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Babylonian Talmud: Tractate Baba Mezi'a

Baba Mezi'a 35a

R. Huna's dictum be correct, since the creditor must swear that it is not in his possession, how can he produce it? — Said Raba:1  There are witnesses that it was burnt.2  If so, whence can he produce it? — But, said, R. Joseph, there are witnesses that it was stolen. Yet after all, whence can he produce it? He may exert himself and bring it. If so, when the creditor swears, the debtor may take pains and bring it! — [No.] As for the creditor['s producing it], it is well: he knows who enters and leaves his house, and so he can go, exert himself, and produce it. But does the debtor know who enters and leaves the creditor's house?

Abaye said: We fear lest he plead, saying to him, 'I found it after the oath.' R. Ashi said: Both must swear: one [sc. the creditor] that it is not in his possession; and the other, how much it was worth — And this is its meaning: Who swears first? The creditor must swear first [that the pledge is not in his possession], lest the other swear and then he produce the bailment.

R. Huna b. Tahlifa said in Raba's name: The first paragraph of the second clause refutes R. Huna. '"You did lend me a sela' on it, whilst it was worth two," and the other replies, "Not so: I lent you a sela' on it and it was [only] worth a sela'," he is free [from an oath.]' But if R. Huna's dictum is correct, since the creditor must swear that it is not in his possession, let him also swear, in virtue of a superimposed oath, how much it was worth!3  — Said R. Ashi: I repeated this discussion before R. Kahana, whereupon he observed to me: Let this apply where he believes him.4  Then let the debtor believe the creditor in this too [viz.,] how much it was worth! — [The debtor reasons,] he [the creditor] did not fully ascertain it [sc. the value]. Then let the creditor believe the debtor, since he does fully know it? — [Nevertheless,] he does not believe him. Wherein lies the difference, that the debtor believes the creditor, but not vice versa? — The debtor applies to the creditor, The integrity of the upright shall guide them:5  whereas the creditor applies to the debtor, but the perverseness of transgressors shall destroy them.6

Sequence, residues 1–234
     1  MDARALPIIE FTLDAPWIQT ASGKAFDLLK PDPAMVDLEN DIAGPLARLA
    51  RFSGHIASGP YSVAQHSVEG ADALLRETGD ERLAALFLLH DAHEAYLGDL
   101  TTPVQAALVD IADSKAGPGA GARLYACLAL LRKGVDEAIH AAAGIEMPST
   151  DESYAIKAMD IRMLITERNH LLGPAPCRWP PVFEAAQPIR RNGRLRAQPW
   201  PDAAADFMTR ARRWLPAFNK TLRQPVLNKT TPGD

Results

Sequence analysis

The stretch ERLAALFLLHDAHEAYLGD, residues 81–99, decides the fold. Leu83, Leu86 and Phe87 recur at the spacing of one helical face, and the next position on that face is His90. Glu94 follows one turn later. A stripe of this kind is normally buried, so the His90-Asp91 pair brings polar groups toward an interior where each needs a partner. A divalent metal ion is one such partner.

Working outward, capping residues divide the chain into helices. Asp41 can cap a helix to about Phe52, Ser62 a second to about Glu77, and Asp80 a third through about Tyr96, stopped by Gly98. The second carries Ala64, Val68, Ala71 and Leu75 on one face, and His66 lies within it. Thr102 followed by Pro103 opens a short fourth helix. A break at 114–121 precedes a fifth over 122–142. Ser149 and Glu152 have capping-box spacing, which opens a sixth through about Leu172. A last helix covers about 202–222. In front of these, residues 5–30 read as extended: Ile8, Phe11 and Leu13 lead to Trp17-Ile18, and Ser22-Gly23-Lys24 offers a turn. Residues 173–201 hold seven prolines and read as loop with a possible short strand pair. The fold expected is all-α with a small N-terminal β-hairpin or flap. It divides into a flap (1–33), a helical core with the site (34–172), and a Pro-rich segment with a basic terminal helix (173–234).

A man once deposited jewels with his neighbour. When he demanded, 'Give me my jewels,' he replied, 'I do not know where I put them.' So he came before R. Nahman, Who said to him: Every [plea of] 'I do not know' is negligence; go and pay. Yet he did not pay, so R. Nahman went and had his house seized. Subsequently the jewels were found, [by which time] they had appreciated. Said R. Nahman: Let the jewels be returned to their [first] owner, and the house to its owner. Raba observed: I was sitting [then] before R. Nahman and it [the subject of our study] was the chapter, 'IF ONE ENTRUSTS [etc.];7  so I quoted to him, IF HE [THE BAILEE] PAYS, DECLINING TO SWEAR [etc.],8  but he did not answer me.9  And he did well not to answer me. Why? — There he did not trouble him to go to court,10  whereas here he troubled him.